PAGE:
Published February 18, 2011
AP2011 – Feb. 16: Protesters to Wisconsin Gov. Scott Walker’s proposal to eliminate collective bargaining rights for many state workers gather in the rotunda at the State Capitol in Madison.
[Breaking: FoxNews has reported that the Administration, through the DNC and OFA (Organizing for America) is busing protesters in to join the union protests. OFA is the official campaign arm of Barack Obama and the DNC.]
The top Republican in the Wisconsin state Senate has asked Gov. Scott Walker to send state troopers after Democratic leader Mark Miller as Democrats boycott a vote on a bill that would end collective bargaining rights for unionized public employees.
Senate Democrats have been missing from the Capitol for a day and a half. Senate Majority Leader Scott Fitzgerald says he has asked Gov. Scott Walker to send two state troopers to Miller’s home in Monona. He says he believes the troopers are en route.
The Wisconsin Constitution prohibits police from arresting legislators while they’re in session. Fitzgerald says he just wants to send a message to Miller — if he’s even home — that he must bring his caucus back to Madison.
The Wisconsin State Assembly, meanwhile, was poised to vote Friday morning on the bill that would force public workers to pay half the costs of their pensions and at least 12.6 percent of their health care coverage. It’s projected to save the state $300 million over the next two years.
Walker, trying to close a $3.6 billion budget gap, fired back on Friday at President Obama, who accused the Republican governor of unleashing “an assault” on unions by pressing the cost-saving legislation.
Wisconsin Gov. Scott Walker on Friday fired back at President Obama who has accused the Republican governor of unleashing “an assault” on unions by pressing legislation that would end collective bargaining rights for public employees and sharply increase their health care and pension payments. (AP)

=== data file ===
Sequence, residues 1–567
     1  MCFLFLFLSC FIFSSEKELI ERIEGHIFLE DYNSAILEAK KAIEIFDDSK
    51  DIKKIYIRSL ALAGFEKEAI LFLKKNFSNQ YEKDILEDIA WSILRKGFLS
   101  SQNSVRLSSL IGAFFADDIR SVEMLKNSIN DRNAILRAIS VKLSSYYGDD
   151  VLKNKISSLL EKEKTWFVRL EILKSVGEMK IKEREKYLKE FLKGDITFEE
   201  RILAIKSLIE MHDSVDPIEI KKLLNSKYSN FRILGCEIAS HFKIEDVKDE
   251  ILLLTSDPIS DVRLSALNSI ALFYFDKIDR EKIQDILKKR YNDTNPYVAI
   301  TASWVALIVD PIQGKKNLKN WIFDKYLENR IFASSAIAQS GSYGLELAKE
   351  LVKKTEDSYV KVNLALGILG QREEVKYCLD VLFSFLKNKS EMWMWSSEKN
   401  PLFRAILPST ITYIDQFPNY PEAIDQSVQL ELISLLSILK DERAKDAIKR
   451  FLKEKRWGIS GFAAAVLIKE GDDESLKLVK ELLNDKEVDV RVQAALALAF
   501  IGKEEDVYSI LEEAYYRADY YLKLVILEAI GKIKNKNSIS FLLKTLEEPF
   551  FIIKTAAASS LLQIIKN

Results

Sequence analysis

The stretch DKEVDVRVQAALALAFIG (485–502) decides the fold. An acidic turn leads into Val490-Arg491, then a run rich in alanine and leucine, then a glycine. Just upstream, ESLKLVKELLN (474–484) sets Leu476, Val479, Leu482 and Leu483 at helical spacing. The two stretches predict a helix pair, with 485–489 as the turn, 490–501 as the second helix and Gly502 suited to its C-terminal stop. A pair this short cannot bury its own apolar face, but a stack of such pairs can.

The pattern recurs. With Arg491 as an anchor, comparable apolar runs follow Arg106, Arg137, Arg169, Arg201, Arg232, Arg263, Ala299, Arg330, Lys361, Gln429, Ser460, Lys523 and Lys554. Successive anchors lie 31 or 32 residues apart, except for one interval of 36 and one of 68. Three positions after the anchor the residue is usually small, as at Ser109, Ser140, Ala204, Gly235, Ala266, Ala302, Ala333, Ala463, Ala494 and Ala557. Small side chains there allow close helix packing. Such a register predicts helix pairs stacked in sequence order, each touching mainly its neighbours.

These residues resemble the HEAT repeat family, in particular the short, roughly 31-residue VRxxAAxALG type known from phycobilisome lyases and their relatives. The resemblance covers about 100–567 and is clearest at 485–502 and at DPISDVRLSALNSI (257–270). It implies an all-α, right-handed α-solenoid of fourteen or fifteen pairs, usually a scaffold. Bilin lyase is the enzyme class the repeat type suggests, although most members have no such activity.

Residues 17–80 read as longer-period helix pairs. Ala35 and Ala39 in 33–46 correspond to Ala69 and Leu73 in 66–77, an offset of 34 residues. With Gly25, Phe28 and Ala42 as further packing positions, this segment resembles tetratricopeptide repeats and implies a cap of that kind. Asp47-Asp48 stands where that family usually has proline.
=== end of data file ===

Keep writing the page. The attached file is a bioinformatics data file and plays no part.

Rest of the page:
Curtail bargaining to fix budget?
“I think we’re focused on balancing our budget. It would be wise for the president and others in Washington to focus on balancing their budget, which they’re a long ways from doing,” Walker told Fox News.
In a White House interview with WTMJ-TV on Wednesday, Obama joined the raging budget battle in Wisconsin, taking big labor’s side.
“Some of what I’ve heard coming out of Wisconsin, where you’re just making it harder for public employees to collectively bargain generally seems like more of an assault on unions,” Obama said. “And I think it’s very important for us to understand that public employees, they’re our neighbors, they’re our friends.”
“I think everybody’s got to make some adjustments, but I think it’s also important to recognize that public employees make enormous contributions to our states and our citizens,” he continued.
But Walker said the demands on public employees are “modest” compared with those in the private sector, and are meant to prevent a shutdown, which could result in 6,000 state workers not getting paid.
“We’re at a point of crisis,” the governor said, adding that he would call out the National Guard if needed to keep state operations, including prisons, running.
Republicans who swept into power in state capitols this year with promises to cut spending and bolster the business climate now are beginning to usher in a new era of labor relations that could result in the largest reduction of power in decades for public employee unions.
But as massive public protests and legislative boycotts in Wisconsin this week have shown, the Republican charge can be fraught with risk and unpredictable turns as politicians try to transform campaign ideas into action.
The question GOP governors and lawmakers are now facing is exactly how far they can go without encountering a backlash. Do they merely extract more money from school teachers, prison guards and office workers to help ease their states’ budget problems? Or do they go at the very core of union power by abolishing the workers’ right to bargain collectively? Do they try to impose changes by steamrolling the opposition, or by coming to the bargaining table?